Terminating a father’s parental responsibility is not something the courts take lightly however a recent case has determined that in some circumstances it can be justified.
What exactly is parental responsibility?
Parental responsibility is defined in law as all the rights, duties, powers, responsibilities and authority which by law a parent has in relation to the child and administration of his or her property.
A person with parental responsibility must be consulted in all major decisions relating to the child for example where the child should go to school, where the child should live, whether the child should be taken outside the UK and whether the child should have any medical treatment.
Who has parental responsibility?
A mother automatically has parental responsibility for a child however the father will only have parental responsibility if they are or have been married to the mother since the birth of the child or if the child was born after 1st December 2003 they are named as the father on the child’s birth certificate. Parental responsibility can also be granted by way of a formal agreement which is lodged at court, by court order and by other legal proceedings such as adoption.
What circumstances justify removing parental responsibility from a father?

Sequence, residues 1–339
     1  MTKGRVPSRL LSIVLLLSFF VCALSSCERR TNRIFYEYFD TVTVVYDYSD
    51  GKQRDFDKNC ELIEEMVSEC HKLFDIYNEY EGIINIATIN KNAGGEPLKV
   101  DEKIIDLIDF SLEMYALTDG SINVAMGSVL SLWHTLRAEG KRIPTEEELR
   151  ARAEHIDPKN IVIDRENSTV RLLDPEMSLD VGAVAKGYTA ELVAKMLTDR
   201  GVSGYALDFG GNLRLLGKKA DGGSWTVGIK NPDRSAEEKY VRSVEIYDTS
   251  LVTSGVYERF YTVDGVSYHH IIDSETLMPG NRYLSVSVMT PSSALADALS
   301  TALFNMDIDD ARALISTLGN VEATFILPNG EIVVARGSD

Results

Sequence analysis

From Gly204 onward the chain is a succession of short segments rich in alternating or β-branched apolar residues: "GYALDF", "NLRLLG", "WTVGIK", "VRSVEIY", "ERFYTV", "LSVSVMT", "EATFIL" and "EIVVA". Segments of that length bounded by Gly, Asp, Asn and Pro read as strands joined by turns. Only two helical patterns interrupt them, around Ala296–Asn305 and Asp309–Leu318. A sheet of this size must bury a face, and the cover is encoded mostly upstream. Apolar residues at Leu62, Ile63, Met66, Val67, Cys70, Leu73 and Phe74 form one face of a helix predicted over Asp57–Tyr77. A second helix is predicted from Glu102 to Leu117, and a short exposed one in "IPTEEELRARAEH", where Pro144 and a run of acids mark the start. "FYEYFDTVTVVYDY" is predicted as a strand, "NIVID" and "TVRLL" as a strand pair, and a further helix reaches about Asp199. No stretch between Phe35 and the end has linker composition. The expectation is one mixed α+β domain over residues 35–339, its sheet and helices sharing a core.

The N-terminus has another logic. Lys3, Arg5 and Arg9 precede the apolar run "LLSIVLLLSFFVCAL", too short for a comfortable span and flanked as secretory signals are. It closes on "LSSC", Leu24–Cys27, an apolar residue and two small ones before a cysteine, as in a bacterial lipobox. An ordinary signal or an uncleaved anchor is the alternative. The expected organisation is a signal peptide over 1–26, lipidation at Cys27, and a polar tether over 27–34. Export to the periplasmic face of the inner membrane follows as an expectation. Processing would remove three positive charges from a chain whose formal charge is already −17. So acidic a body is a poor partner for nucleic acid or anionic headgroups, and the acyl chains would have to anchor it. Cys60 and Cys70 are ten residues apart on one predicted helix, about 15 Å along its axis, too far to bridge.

In the first reported judgment on the issue since 1995 EWHC 854 (Fam)], the Judge has terminated the parental responsibility of a father who had been imprisoned for sexual abuse of his own child's half-sisters.
The case involved a child who was born to the parties in 2004. In 2009 the father pleaded guilty to sexual offences committed on two of the mother's daughters. The father received a custodial sentence.
Immediately upon the father’s release from prison, the mother issued an application to terminate his parental responsibility. The father applied to court for an order requiring the mother to supply annual reports as to the child's progress.
The previous reported case on this issue was in 1995 1 FLR 1048 at 1053]. In that case the Judge allowed an application to terminate parental responsibility in relation to a father who had been sent to prison for causing serious injuries to his child. The judge held that the order was justified as the father had "forfeited" his parental responsibility and, in considering whether parental responsibility should be terminated the court took into account the factors they consider when determining whether to grant parental responsibility in the first place.
The judge in the recent case concluded that the "magnetic factors" were the child’s emotional needs, the harm the child had suffered, and the risk of future harm. The judge concluded that the child’s emotional security would be jeopardized if the father continued to have any further involvement in his life. The father's parental responsibility was terminated and his application for a specific issue order was rejected.
If you need advice on parental responsibility contact our specialise Family Law Team.
By Gemma Hope